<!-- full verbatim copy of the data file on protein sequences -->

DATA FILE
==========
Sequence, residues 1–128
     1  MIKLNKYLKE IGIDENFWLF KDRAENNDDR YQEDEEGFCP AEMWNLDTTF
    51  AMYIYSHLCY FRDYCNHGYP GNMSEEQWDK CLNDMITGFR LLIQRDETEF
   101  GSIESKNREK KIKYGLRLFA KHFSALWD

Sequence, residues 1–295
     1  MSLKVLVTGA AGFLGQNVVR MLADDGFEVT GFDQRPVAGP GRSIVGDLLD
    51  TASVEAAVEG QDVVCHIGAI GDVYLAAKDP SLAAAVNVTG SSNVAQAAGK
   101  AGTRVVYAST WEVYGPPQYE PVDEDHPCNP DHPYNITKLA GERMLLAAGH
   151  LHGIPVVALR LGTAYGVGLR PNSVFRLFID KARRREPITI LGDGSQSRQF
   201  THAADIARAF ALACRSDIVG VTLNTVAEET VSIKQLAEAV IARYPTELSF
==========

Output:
Sequence, residues 1–128
     1  MIKLNKYLKE IGIDENFWLF KDRAENNDDR YQEDEEGFCP AEMWNLDTTF
    51  AMYIYSHLCY FRDYCNHGYP GNMSEEQWDK CLNDMITGFR LLIQRDETEF
   101  GSIESKNREK KIKYGLRLFA KHFSALWD

Sequence, residues 1–295
     1  MSLKVLVTGA AGFLGQNVVR MLADDGFEVT GFDQRPVAGP GRSIVGDLLD
    51  TASVEAAVEG QDVVCHIGAI GDVYLAAKDP SLAAAVNVTG SSNVAQAAGK
   101  AGTRVVYAST WEVYGPPQYE PVDEDHPCNP DHPYNITKLA GERMLLAAGH
   151  LHGIPVVALR LGTAYGVGLR PNSVFRLFID KARRREPITI LGDGSQSRQF
   201  THAADIARAF ALACRSDIVG VTLNTVAEET VSIKQLAEAV IARYPTELSF